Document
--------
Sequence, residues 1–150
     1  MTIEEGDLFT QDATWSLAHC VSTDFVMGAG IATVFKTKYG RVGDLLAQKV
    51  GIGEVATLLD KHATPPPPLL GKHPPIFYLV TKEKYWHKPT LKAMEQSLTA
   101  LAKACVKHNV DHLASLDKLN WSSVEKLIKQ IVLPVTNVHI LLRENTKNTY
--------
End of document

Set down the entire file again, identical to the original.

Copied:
Sequence, residues 1–150
     1  MTIEEGDLFT QDATWSLAHC VSTDFVMGAG IATVFKTKYG RVGDLLAQKV
    51  GIGEVATLLD KHATPPPPLL GKHPPIFYLV TKEKYWHKPT LKAMEQSLTA
   101  LAKACVKHNV DHLASLDKLN WSSVEKLIKQ IVLPVTNVHI LLRENTKNTY